In this follow up to a blog post on the Scalance-X200 series switches, we look at an authentication bypass vulnerability. It isn’t particularly complicated, but it does allow us to download configuration files, log files, and a firmware image. It can also be used to upload configuration and firmware images, which causes the device to reboot.
The code can be found in IOActive Labs github repository.
If an attacker has access to a configuration file with a known password, they can use this code to update the configuration file and take over the switch’s management functions. It can also be used to mirror ports and enable or disable other services, such as telnet, SSH, or SNMP. Lastly, the same script can be used to upload a firmware image to the device sans authentication. In other words, it is *delightfully reprogrammable* until you install the patch.
This brings us to an interesting point. I asked Siemens if the SSH keys in Firmware V5.X (the fixed version) are unique per device, and I was assured that they are. If this is true, there should be no problem with me publishing a hash of the private key for my device. Don’t worry damsels and chaps, I can always patch my device with a new key later, as a demonstration of my enthusiasm for firmware.
Anyway, here are two fingerprints of the private SSH key:
If you have one of these devices and have patched to the version that contains fixes, you could assist the community greatly by verifying that the key gets a different finger-print. This will independently confirm what those outstanding gentry at Siemens told me and promote confidence in their security solutions.
This neatly segues into some changes we’ve seen in the ICS-space over the last few years.
The primary change in behavior I’d like to applaud is how companies are striving to develop better relationships with independent security researchers such as myself. The increase in constructive dialogue is evidenced by Siemen’s ability to receive notification and then produce a patch within three months. Years ago we were regularly waiting six months to two years for fixes.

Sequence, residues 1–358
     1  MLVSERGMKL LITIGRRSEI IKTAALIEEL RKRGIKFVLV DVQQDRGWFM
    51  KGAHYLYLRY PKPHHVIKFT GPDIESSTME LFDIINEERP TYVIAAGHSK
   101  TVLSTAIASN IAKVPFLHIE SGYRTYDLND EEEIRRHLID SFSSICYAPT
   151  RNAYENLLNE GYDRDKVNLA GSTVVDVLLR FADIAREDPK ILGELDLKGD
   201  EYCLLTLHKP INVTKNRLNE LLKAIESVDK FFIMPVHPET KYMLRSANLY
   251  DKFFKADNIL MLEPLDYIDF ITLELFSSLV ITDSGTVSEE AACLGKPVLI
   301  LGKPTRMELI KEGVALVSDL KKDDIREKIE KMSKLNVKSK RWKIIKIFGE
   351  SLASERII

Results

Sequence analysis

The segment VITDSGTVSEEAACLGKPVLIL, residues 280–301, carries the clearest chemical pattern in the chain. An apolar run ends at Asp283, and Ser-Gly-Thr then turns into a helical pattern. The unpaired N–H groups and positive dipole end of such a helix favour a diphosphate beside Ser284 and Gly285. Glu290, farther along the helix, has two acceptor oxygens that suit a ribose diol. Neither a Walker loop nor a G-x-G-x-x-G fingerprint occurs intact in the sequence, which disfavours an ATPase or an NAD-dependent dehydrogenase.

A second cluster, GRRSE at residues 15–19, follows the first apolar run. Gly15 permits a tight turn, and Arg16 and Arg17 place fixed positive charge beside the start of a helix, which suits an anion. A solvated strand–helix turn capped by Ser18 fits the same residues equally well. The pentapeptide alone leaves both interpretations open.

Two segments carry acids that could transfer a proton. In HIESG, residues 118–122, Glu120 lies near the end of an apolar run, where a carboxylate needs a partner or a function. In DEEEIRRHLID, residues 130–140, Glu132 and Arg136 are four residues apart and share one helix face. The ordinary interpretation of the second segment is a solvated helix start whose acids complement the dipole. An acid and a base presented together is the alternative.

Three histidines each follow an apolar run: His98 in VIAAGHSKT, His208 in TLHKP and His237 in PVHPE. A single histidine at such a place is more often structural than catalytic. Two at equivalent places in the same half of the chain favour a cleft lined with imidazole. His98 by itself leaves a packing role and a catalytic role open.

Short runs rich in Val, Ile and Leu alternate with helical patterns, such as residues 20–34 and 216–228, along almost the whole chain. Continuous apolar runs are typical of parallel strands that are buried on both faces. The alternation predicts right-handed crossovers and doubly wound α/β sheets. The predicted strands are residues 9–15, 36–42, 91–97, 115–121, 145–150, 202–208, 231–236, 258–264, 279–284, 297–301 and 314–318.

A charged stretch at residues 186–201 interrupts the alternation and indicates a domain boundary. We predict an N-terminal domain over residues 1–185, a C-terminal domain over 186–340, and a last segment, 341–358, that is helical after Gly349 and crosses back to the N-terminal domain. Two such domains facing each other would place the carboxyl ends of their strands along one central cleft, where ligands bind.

In fact, I challenged vendors at S4x14 to commit to an AVERAGE TIME of security patching for externally supplied vulnerabilities. We purposefully chose the average time for this challenge, because we know that providing quality assurance for these systems is difficult and can be time consuming. After all, some bugs are just thornier than others.
Incidentally, this is backed up by empirical research shared with me by the inimitable Sean McBride during our conversations at S4x14. I wouldn’t want you to think I am just some un-gentlemanly shuffler or simkin, challenging hecatonchires for the sport of it (hat-tip @sergeybratus).
Follow @digitalbond to see the response I got to committing to an average security patch time, when my ”Red/Blue Live” talk goes online. You’ll also notice that my two attackers (red team) did not manage to use the script to take over the device, despite doing so in practice sessions the night before. The ingenious Rotem Bar (blue team) demonstrated that the secret of ICS security is to simply *patch*. Apparently, it is not only possible, but effective!
…and btw, happy Valentine’s!